Understanding Common Electronic Parts Physically
Resistors: The main uses of resistors is current limiting and safeguarding the active components from damage. The resistance value selection may broadly depend on the type of active component to which it is connected and the load current. For carbon and metal film resistors, the values may be recognized through their printed color codes; for the wire wound types, the numbers are directly marked. A resistor does not have a polarity and may be connected any way round.
Capacitor: Commonly they may be seen in ceramic disc, polypropylene, tantalum, and electrolytic types. Mostly the electrolytic and tantalum types have polarity and need to be strictly and correctly oriented accordingly to a circuit as per the circuit schematic. Tantalum capacitors are valued for their negligible leakage characteristic and accuracy. In these capacitors the capacitive value is directly shown over their body, whereas for the other two types the value may be coded through special figures.
For example, if a figure 104 is impressed, it indicates 4 zeros to be placed after the initial digit which is 10. So it becomes – 100,000.
The above value will always be in picoFarad or pF. So, a 104 capacitor has a value of 100,000 pF.
Simply dividing it by 1,000 gives 100 nanoFarad or 100 nF, and further dividing it by 1,000 produces 0.1 microFarad or 0.1 µF. It’s simple, isn’t it? What does the figure 103 indicate?
Diode: These active components may be basically categorized as rectifier, zener, and light emitting diodes. The most commonly used 1 amp rated rectifier diode is 1N4007. You can increase this rating by simply wiring many diodes in parallel or using a single higher rated one like 1N 5408 (3 Amps). Zener diodes primarily do the job of restricting the voltage to a particular desired level as per their voltage ratings. LEDs are pretty popular as they have the special quality of emitting light and are available in different colors. However, basically they behave the same way as a rectifier diode (low power).
SCR and TRIACS: These are high voltage switching devices, typically used for mains AC voltage load switching. They are quite comparable to transistors as they too have a separate triggering terminal with respect to ground. Their leads may be identified through their specific datasheets, but most of them have their lead orientations as shown in the diagram. An SCR or called thyristor is able to pass only one half cycle of an AC signal whereas a triac is able to pass both the halves of an AC signal input. These devices are different from transistors due to the following reasons:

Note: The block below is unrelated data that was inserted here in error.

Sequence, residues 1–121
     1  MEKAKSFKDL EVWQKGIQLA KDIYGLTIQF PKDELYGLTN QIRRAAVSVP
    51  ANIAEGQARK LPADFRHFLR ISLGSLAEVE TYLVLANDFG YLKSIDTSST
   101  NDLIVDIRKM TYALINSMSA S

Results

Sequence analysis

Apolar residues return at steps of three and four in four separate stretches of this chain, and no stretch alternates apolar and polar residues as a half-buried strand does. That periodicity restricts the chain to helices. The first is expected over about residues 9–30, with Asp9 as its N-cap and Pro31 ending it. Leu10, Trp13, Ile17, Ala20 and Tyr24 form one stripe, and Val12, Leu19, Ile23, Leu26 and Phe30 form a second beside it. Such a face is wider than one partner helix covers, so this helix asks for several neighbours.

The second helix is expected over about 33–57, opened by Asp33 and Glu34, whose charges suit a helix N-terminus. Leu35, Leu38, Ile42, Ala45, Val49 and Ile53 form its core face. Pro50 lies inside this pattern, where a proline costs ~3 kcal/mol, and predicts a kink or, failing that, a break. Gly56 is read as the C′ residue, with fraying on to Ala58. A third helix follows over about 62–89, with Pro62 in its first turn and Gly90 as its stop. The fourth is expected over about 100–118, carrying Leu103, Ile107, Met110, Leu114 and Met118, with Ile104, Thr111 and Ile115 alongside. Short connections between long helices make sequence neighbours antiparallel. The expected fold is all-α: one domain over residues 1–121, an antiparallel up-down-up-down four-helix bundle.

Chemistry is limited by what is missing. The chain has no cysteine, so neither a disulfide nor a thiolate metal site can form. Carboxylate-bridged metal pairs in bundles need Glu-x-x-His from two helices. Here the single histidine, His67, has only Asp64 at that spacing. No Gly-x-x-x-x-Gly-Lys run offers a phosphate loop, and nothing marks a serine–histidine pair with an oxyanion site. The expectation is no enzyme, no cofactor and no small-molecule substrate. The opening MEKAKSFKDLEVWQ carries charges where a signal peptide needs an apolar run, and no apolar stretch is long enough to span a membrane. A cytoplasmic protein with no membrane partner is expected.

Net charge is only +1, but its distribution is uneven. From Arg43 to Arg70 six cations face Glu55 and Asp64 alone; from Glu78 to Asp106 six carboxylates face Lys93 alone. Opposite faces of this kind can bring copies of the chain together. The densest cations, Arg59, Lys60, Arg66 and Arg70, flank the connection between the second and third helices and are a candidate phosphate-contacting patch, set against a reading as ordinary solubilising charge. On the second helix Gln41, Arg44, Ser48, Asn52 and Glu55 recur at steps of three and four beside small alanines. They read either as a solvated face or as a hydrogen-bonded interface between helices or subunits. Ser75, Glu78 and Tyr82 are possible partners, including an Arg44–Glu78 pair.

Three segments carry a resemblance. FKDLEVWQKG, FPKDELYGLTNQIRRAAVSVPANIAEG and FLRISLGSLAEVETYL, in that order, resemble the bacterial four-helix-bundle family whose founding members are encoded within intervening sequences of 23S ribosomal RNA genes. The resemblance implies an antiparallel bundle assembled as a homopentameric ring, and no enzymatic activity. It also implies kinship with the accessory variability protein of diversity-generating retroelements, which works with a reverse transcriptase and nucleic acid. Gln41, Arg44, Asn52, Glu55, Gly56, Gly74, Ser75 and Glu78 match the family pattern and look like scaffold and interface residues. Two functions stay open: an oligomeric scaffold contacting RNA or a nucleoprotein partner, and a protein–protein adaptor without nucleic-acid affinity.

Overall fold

- SCRs require critical gate firing angle parameters and are not linear.
- The triggering cannot take place at relatively lower currents, very unlike transistors.
- They work only with alternating currents (ACs) and will latch up if a DC load is involved.
Transistors: These active, and perhaps the most important electronic part ever, devices come in a variety of different shapes, sizes, and internal configurations. A transistor may be normally either a NPN or PNP, which are complementary to each other. It’s very easy to differentiate and recognize them through their external appearances and through datasheets. The following explanation will provide you the necessary general information regarding transistors.
Like every active component, each category of transistors too will have their own specified breakdown thresholds. Typically, you should be careful about their Collector to Emitter and Base to Emitter breakdown voltages and Currents. They are represented as UCEO, UBEO, and IC (maximum) respectively. If you are not sure with the parameters of a particular device, refer the datasheet immediately.
Relays: These are electromagnetic mechanical devices used to toggle loads involving heavy current and voltages. A relay is mostly used in conjunction with a transistor where low power switching from the transistor is used to operate the relay and the subsequent output is a much heavier load. This configuration is called a relay driver circuit.
The next page will further explain how to identify electronic components through their external appearances and lead configurations.